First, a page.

When Eric Adams took office in January, he replaced Schiraldi with Louis A. Molina and rolled back the policy the former commissioner had implemented to reduce the abuse of the unlimited sick-leave policy by corrections officers, which had required a doctor’s note. He also fired a high-profile investigator who had begun tackling a years-long backlog of use-of-force allegations by guards against detainees and has not appointed anyone to replace her. While it’s difficult to say exactly how these changes have affected the jail in just one month, removing the policy to verify sick-leave requests likely did not help with the chronic understaffing. But the corrections officers are relieved. “We’re very happy that the sick-leave policy was reverted back to the way it was supposed to be,” Boscio said.
Along with the lack of on-duty guards, 5,400 detainees are currently being held on Rikers Island, a rising number that can be tied to the city’s clogged court system and rollbacks to the 2020 bail-reform law that gave judges more leeway to impose monetary bail. “When given permission to give bail more often, we saw judges consistently do so,” says Insha Rahman, the vice-president of advocacy at the Vera Institute of Justice, a research organization that has pushed for the closure of Rikers Island. She adds that after the bail reform law was rolled back, “We saw a very clear uptick in the jail population at Rikers.”
“You can just die here waiting for court,” says “L.A.,” a 39-year-old who’s being held in a medical observation unit on Rikers. “It’s like torture.” (He asked that we not use his name, for fear of retaliation.) L.A. and others in his unit have also been participating in a series of hunger strikes and other actions to draw attention to the conditions there.
25-year-old “Devin,” who’s been held on Rikers for since September, says he’s tried to kill himself repeatedly after feeling intense stress and anxiety while held on the island. The only help he’s received is having his shoelaces taken away. “It’s like a game to the correctional officers where we can’t do anything but sit here with the rats and the roaches,” he told me over the phone in mid-January, in a soft and faltering voice. He sounded deeply defeated. He’s been waiting for his next court appearance in the coming weeks, but any idea of when he can leave Rikers is still far off.
The new reform-minded Manhattan prosecutor Alvin Bragg could slow this trend of rising inmate numbers. He has instructed his office not to pursue bail for certain felonies, in a borough that has long outpaced other boroughs in sending people to Rikers (though Bragg recently rolled back some of his changes). In the aftermath of the two shooting deaths of police officers in Manhattan last month, there have been renewed efforts to roll back the bail law even further, including a call by Adams to lock up more people pre-trial and a return to caging 15- and 16-year-olds who don’t cooperate with police.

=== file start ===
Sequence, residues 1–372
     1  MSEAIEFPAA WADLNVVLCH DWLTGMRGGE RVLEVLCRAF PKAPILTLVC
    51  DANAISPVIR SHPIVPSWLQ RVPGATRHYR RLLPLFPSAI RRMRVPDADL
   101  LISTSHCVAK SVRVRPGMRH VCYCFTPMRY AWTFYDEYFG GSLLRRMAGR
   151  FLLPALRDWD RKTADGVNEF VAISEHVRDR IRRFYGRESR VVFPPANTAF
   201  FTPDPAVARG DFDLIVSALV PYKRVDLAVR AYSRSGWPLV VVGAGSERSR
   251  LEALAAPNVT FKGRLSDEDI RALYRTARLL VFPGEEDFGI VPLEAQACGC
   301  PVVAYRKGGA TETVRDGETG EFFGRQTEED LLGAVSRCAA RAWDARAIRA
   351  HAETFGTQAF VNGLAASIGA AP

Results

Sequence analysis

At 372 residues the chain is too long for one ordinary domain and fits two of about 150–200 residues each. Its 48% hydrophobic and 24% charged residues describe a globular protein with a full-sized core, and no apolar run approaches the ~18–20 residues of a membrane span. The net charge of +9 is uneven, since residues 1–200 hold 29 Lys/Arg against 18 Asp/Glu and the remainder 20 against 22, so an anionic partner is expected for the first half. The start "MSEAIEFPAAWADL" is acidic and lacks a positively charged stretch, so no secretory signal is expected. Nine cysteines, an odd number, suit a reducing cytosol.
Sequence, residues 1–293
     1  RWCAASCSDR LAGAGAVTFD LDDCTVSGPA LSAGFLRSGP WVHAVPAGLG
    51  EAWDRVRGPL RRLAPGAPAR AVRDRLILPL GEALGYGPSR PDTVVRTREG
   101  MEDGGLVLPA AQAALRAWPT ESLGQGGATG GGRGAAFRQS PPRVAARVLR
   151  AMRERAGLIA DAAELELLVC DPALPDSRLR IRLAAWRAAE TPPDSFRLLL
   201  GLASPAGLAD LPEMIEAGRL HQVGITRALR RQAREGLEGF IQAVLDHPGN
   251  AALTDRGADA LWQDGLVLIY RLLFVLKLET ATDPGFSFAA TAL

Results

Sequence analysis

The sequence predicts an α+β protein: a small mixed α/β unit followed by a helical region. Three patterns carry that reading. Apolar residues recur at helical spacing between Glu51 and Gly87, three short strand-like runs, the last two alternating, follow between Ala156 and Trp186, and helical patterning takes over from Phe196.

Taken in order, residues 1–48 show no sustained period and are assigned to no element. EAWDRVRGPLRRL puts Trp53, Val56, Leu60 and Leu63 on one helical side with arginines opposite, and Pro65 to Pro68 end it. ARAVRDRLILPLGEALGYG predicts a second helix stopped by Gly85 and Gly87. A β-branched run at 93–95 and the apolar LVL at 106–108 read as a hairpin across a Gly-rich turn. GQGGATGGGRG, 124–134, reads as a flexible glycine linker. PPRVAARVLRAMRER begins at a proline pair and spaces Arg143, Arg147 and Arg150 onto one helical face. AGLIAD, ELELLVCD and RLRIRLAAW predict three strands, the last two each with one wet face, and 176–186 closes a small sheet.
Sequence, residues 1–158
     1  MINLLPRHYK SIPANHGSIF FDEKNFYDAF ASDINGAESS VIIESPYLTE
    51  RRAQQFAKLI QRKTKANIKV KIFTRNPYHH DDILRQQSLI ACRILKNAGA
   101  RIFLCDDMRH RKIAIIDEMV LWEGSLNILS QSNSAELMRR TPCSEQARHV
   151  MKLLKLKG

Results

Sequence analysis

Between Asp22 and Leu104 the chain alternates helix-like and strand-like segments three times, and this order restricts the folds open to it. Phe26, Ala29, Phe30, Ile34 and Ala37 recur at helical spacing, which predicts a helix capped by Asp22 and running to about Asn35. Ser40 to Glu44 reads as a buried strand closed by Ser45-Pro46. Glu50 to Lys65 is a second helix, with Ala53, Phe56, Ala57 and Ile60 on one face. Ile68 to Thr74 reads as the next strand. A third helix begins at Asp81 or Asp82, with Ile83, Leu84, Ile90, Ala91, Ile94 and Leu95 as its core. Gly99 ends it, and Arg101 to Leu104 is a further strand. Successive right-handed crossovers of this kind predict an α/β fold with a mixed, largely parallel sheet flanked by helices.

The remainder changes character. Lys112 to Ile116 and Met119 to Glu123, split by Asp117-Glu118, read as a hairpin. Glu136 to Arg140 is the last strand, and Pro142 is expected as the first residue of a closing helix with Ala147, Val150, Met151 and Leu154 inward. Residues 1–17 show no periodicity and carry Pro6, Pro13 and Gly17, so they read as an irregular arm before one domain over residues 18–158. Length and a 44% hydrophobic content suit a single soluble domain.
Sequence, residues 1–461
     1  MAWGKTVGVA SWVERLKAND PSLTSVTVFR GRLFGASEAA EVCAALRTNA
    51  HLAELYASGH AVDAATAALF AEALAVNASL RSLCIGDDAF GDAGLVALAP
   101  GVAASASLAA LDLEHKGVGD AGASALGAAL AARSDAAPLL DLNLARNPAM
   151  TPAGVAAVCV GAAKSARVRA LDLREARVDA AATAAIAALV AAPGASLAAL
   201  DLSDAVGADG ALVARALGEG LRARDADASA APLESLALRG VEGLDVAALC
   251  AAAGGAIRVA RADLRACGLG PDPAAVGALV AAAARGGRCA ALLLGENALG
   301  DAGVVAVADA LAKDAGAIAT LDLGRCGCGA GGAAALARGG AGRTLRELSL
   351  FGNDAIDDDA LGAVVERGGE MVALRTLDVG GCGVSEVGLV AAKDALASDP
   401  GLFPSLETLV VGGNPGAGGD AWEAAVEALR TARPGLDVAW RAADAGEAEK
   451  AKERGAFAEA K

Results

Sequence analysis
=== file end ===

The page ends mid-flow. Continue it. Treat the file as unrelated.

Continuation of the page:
Many are also waiting to see what the federal judge who has overseen Rikers Island since 2015 will do. Judge Laura T. Swain has installed a monitor as the result of a settlement on the use of force at Rikers and, based on reports from the monitor, can issue orders to improve inmate safety on the island. Many are hoping that Swain will order the jail to go under federal receivership, which would suspend some features of the correction officers’ union contract and the city’s control over the island. “Rikers has to go into federal receivership,” said New York County Defender Services’ German. “There’s no other way this ends.” The judge could stop short of that, however, and issue a cap on detainees or mandate other ways to take the pressure off the island.
Adams has voiced his support of a plan to close Rikers within the next five years, but has yet to take any steps to move forward with the borough-based jails that would replace it.
For “Smoke Neutron,” a 28-year-old musician who’s been on Rikers since 2019 and seen his court case delayed multiple times, it’s challenging enough just to get through the day. He has been organizing strikes, talking to the media, and designing T-shirts with strike slogans on them asking for decency from the guards. He says he is tired of being bounced around to different units in Rikers, and that there wasn’t any heat in his unit on a night when the temperature dropped to the single digits.
His immediate goal is to have the guards restore some access to the law libraries and outdoor recreation spaces. But his organizing is also a way of passing the time. Without a goal, even something as small as access to the basketball court, people will lose themselves. He’s seen people try to end their lives, thinking no one cared about them and nobody was listening. “No one’s going to give you anything here,” he says. “You have to work together and ask for it, even just the basic things we need. Right now, it’s just no way to live.”